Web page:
11172017Headline:

Boston, Massachusetts

HomeMassachusettsBoston

Email Ken Margolin Ken Margolin on LinkedIn Ken Margolin on Twitter Ken Margolin on Facebook
Ken Margolin
Ken Margolin
Contributor •

Large Truck Crashes

Comments Off

Last year, the Federal Motor Carrier Safety Administration (“FMCSA”) reported to Congress, the results of a 3-year study into the causes of large truck crashes. Large trucks were defined for the study, as any truck weighing 5 tons or more. The study was the most comprehensive yet conducted, involving a thorough review of nearly 1,000 crashes in 17 states. The purpose of the study was to gain an in-depth understanding of the causes of accidents involving large trucks so that measures could be undertaken to lessen the toll. Results of the study were surprising to many readers.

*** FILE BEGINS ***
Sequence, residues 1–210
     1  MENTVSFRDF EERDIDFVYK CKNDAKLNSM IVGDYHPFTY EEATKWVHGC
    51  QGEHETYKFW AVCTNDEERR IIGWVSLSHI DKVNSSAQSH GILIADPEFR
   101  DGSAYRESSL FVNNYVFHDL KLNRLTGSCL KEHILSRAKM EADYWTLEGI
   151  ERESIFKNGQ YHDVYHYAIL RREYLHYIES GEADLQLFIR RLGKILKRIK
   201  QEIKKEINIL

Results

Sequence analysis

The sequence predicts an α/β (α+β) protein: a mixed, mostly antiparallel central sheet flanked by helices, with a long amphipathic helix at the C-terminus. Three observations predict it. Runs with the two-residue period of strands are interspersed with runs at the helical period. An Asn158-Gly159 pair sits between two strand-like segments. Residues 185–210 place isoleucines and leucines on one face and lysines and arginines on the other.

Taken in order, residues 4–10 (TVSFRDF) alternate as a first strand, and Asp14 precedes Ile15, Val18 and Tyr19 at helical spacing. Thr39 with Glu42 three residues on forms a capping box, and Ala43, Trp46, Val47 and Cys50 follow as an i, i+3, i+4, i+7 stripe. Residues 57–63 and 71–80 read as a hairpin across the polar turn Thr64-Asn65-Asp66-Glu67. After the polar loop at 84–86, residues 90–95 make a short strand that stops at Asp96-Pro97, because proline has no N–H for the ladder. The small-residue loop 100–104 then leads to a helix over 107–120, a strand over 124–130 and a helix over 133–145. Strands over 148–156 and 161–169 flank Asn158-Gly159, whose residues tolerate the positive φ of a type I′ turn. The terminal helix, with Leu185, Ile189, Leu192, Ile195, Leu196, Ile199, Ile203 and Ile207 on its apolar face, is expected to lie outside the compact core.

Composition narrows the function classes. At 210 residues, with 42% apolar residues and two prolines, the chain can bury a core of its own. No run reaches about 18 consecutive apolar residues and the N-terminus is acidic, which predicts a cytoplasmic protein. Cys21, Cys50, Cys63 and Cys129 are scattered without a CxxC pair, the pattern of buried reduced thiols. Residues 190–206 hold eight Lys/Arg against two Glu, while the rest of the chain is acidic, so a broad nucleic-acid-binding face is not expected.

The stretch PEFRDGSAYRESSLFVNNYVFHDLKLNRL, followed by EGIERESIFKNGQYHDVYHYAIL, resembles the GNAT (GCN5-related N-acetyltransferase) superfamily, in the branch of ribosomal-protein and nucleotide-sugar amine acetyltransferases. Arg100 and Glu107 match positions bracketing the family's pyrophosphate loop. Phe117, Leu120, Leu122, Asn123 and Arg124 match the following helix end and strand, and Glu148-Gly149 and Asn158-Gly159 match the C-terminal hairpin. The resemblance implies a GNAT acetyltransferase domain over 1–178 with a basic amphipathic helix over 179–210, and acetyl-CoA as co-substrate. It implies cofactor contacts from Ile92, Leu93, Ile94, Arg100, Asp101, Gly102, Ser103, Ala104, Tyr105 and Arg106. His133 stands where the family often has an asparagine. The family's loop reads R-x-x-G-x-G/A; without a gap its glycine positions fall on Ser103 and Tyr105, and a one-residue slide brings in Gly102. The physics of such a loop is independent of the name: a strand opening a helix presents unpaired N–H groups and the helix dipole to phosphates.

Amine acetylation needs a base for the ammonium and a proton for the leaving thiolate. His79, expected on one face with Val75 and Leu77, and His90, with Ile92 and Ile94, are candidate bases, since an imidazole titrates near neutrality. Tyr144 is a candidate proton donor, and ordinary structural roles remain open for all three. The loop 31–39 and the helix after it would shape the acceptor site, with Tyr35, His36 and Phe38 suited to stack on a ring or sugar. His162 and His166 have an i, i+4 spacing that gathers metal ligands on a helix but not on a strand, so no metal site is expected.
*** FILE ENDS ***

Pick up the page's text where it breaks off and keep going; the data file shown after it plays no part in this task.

Far and away, the major causes of truck crash fatalities and truck crash injuries, was driver conduct. Tampa Bay Injury Board member, Bob Carroll, has a chilling example of the tragedy that can result from a truck-car crash. While important, factors such as equipment failure, weather, and roadway conditions, caused significantly fewer large truck accidents than did actions and failures of the driver. Many large truck accidents involved multiple driver-related causes. Legal drug use, both prescription and non-prescription, along with fatigue, was a major source of large truck crashes. Other major driver-related causes included excessive speed, work-related pressure, aggressive driving and following too closely. Of the large truck accidents studied, more than half involved fatalities or incapacitating injuries. Until and unless Congress and the trucking industry acts aggressively to drastically lessen the toll of large truck crashes, automobile drivers best keep a wary eye on these monsters of the roads.